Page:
IFR: Sweat the Small Stuff

10:18 AM

Yesterday, I completed an IFR round-trip from Eugene to Hillsboro, Ore. There was nothing seriously remarkable about the trip, with one major exception: My back seat passenger:

My wife, life partner, soul mate and business partner, Julie Celeste, has been an aviator's dream throughout my 40+ hours of instrument training. When I needed to lock myself in a room and read about the 1-2-3 rule for the 17th time, no complaints. When I just HAD to go out to the hangar and spend some quality time with Katy just loping around the patch, she has never said no. She finally got a taste of the instrument world I've been living in lately when she rode with myself and CFI-I Jim for the trip to KHIO. Her comment on the phone to a friend after the trip was that there was never-ending work being done on the "flight deck" of the Katyliner, and that the "crew" was non-stop from the minute we launched through the 700 ovc layer at EUG to returning through that same layer to a textbook ILS landing a few hours later.
As with all my training trips these days, I felt that I did most things right, but a few nagging things wrong. Again, nothing that would have busted regs or got anyone killed, just sloppy stuff like missing a few initial radio calls. But when I discussed the flight later with her, I realized something that I have overlooked lately:
As VFR pilots, we are taught to learn primarily the basics of flying safely in the system. But as we build hours, many pilots get "rusty" with some of the small stuff that we are taught, an example being to "ID" a VOR to verify it is the one you want to use. Yes, that is taught in primary training, but think about it, so many VFR pilots these days use GPSs to fly direct, VORs are going the way of the dinosaur. Those that still use them really do not spend much time listening to Morse Code. But in a steam gauge plane like 27W in the IFR system, ID'ing the navaids is an important part of any flight.
As an outsider looking in from the back seat, Julie could see the work that goes into a safe IFR flight. She noticed that there was no time in which we the crew were just sitting there enjoying the view. One of these "small stuff" items she noticed was radio management:
With two King flip-flop NavComms, a VFR panel-mount GPS, two VORs and the S-tec 50 A/P, there is plenty of knobs to turn on the panel of our IFR ship. But when you think about many VFR flights to chase hamburgers, plenty of pilots we all know never go past tuning in the one frequency they are using NOW. In the IFR world, I am being taught to think ahead, and to have all four comm holes and all four NAV holes in the two Kings filled at all times. This is working well, and has taught me to think about what I need to be doing next the minute I change a frequency or flip a flop. And with my "vintage" Northstar M3 Approach GPS, I can also program in two airports, two VORs, two NDBs and two fixes, easily switching between them for additional situational awareness. Great tool, but it certainly ramps up the attention required to manage the avionics.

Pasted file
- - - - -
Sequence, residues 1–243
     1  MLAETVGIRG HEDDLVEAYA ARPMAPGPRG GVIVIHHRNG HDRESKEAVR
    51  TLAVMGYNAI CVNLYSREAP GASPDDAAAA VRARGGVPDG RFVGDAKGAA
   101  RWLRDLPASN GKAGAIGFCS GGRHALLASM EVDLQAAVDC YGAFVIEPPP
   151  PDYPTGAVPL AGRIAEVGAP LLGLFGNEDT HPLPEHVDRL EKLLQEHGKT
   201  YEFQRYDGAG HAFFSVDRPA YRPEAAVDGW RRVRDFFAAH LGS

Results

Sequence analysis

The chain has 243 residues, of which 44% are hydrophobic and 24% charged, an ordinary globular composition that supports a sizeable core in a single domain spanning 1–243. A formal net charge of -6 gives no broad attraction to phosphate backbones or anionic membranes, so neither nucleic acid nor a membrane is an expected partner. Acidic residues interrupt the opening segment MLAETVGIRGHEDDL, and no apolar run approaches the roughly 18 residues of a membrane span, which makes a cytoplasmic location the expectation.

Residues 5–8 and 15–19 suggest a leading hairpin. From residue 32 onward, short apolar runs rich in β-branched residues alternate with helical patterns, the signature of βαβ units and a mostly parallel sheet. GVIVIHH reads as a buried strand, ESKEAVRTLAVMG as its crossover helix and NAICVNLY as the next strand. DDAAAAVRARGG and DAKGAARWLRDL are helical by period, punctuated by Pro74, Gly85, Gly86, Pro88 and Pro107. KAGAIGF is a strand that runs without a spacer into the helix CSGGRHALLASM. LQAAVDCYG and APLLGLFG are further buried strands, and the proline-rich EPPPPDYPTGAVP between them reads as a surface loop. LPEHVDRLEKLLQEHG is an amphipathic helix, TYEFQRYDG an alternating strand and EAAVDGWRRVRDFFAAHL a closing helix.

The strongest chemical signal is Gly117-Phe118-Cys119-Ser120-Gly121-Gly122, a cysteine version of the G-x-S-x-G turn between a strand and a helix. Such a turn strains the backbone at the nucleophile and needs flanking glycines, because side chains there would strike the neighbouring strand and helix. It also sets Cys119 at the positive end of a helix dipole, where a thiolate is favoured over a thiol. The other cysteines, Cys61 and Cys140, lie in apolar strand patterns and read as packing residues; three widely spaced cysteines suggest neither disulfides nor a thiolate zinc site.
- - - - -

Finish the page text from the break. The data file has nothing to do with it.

I am happy to report that at about 46 hours, I am progressing well towards a successful check ride and eventual IFR ticket. I am nailing most of these little "small stuff" items, staying on the airways, pegging the needles damned close to center on ILSs and LOCs, and staying straight and level in the clouds. But I have a client who is also a CFI-I and FAA examiner, and he confirmed last week that the average pilot needs "55 to 60" hours of instruction to really be ready for an IFR check ride. Based on my skills at this point in my training, I think he is right on.

Because in an IFR environment, in the soup, in the same system as the heavies fly in, there is really no room to miss things you shouldn't miss. In this case, it really is important to sweat the small stuff, and the big stuff – those basic aviator skills – need to be performed on instinct. In this IFR world, if you have to work that hard to stay on an airway, your mind is wandering away from that next radio call or that approach plate hanging on your yoke.

Of course, much of this goes out the window with a Garmin 430W or better IFR box. That, however, is far, far of in my future, and frankly I am glad to be learning behind a "old school" panel, so that when the Garmin arrives in due time, the transition will be a non-event.

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